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Hoffmann, R. A wiki for the life sciences where authorship matters. Nature Genetics (2008)

Adhesion of Staphylococcus epidermidis and transposon mutant strains to hydrophobic polyethylene.

Staphylococcus epidermidis capsular polysaccharide adhesin (PS/A) and slime were studied as possible mediators of bacterial adhesion to NHLBI polyethylene (PE) under dynamic flow. This putative interaction was examined by quantifying the adhesion of M187 (PS/A+, slime+) parent strain and isogenic transposon mutant strain sn3 (PS/A-, slime-) to polyethylene (PE) under a range of physiologic shear stress conditions in both phosphate-buffered saline (PBS) and 1% platelet poor plasma (PPP). No significant differences in adhesion were noted between the M187 and sn3 strains in either test medium. However, adhesion of both strains in 1% PPP was decreased 75-95% compared to adhesion in PBS. In PBS, adhesion was shear stress dependent from 0-15 dyne/cm2, after which adhesion was comparatively shear stress independent. Adhesion in 1% PPP was independent of shear stress. Epifluorescent imaging of both strains labeled for slime confirmed the presence of slime on the surface of M187 and suggested that PS/A and slime promote the formation of large aggregates, as aggregates were totally absent in the images of the sn3 strain. The results suggest that PS/A and slime do not mediate S. epidermidis adhesion to bare PE or PE with adsorbed plasma proteins, but may be necessary for intercellular adhesion, which is important for biofilm formation.[1]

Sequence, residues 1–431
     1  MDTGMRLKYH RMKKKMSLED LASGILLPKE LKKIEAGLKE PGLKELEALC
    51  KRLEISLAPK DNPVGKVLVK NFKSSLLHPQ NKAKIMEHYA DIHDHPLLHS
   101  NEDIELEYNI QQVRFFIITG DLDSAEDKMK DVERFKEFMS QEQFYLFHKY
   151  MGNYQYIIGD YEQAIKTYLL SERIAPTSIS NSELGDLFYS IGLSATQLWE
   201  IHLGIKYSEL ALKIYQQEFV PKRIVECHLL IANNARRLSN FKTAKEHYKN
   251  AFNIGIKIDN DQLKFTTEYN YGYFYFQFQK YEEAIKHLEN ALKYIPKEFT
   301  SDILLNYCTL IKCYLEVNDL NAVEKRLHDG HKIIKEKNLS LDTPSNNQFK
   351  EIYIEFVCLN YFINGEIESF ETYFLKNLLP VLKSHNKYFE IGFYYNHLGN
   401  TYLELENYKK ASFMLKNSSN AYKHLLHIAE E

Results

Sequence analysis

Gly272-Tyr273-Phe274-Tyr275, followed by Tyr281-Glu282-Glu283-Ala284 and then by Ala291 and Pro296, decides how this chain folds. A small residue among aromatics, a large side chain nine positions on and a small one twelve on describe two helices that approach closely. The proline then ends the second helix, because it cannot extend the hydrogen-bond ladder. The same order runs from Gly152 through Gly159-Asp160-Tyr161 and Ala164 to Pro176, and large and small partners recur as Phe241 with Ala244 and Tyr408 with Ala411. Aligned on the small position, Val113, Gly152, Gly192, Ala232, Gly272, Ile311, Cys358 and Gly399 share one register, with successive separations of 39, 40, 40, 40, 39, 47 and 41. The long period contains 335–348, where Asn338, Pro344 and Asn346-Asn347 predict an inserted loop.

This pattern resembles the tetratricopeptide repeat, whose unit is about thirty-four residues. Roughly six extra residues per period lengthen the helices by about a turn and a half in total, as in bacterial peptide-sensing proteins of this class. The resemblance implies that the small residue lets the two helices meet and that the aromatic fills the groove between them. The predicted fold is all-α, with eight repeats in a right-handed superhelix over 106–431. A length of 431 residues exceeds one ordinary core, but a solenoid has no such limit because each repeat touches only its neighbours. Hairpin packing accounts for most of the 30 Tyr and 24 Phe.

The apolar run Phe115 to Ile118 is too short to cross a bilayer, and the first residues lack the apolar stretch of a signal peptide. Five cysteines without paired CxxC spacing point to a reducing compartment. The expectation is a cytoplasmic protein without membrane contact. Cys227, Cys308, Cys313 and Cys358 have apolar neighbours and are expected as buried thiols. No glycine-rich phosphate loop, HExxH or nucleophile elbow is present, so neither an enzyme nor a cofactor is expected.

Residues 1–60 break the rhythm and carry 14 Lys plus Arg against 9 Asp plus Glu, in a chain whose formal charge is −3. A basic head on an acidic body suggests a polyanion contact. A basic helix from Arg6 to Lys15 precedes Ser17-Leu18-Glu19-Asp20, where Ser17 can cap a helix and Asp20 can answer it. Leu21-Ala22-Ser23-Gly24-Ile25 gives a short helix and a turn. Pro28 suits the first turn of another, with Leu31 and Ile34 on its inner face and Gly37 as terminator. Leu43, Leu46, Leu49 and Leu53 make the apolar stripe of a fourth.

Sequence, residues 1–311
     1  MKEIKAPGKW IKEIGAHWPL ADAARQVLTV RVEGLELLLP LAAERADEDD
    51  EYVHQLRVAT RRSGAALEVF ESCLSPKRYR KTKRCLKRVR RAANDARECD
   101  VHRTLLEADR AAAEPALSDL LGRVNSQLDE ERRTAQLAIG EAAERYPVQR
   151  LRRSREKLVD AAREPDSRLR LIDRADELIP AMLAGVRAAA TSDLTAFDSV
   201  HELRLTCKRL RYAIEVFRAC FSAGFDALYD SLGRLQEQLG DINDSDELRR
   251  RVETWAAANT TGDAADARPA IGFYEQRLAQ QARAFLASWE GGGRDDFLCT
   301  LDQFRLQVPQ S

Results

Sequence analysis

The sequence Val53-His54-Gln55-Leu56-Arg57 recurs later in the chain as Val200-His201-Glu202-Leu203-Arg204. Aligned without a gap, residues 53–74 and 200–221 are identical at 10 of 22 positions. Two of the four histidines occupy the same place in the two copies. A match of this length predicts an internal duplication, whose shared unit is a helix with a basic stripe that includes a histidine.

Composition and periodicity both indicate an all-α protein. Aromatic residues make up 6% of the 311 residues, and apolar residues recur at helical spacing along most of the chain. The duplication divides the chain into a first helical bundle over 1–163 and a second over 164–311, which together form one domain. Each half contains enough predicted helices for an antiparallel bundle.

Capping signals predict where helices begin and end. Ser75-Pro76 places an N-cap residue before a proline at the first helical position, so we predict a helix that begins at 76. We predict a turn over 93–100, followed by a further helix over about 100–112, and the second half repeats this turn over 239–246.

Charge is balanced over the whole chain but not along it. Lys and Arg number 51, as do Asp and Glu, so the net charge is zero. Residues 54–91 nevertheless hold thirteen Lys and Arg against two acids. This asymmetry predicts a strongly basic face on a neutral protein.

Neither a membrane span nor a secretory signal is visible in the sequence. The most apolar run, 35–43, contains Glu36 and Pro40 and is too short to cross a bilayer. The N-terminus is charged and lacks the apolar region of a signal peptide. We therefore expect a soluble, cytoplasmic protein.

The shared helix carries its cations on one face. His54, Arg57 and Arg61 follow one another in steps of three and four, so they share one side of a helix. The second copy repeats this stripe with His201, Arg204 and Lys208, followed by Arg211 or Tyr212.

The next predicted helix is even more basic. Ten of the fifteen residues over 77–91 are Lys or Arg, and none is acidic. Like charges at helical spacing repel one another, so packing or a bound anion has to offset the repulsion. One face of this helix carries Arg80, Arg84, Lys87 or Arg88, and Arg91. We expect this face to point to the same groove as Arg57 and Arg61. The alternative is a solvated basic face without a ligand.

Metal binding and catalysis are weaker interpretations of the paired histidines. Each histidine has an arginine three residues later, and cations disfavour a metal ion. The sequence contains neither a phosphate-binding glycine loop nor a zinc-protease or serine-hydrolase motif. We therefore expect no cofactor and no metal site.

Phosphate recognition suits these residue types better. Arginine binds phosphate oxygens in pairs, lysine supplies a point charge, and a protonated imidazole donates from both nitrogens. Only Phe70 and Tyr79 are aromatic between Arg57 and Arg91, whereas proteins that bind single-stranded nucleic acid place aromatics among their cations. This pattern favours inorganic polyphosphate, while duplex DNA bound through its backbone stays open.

1. Adhesion of Staphylococcus epidermidis and transposon mutant strains to hydrophobic polyethylene. Higashi, J.M., Wang, I.W., Shlaes, D.M., Anderson, J.M., Marchant, R.E. J. Biomed. Mater. Res. (1998) [Pubmed]
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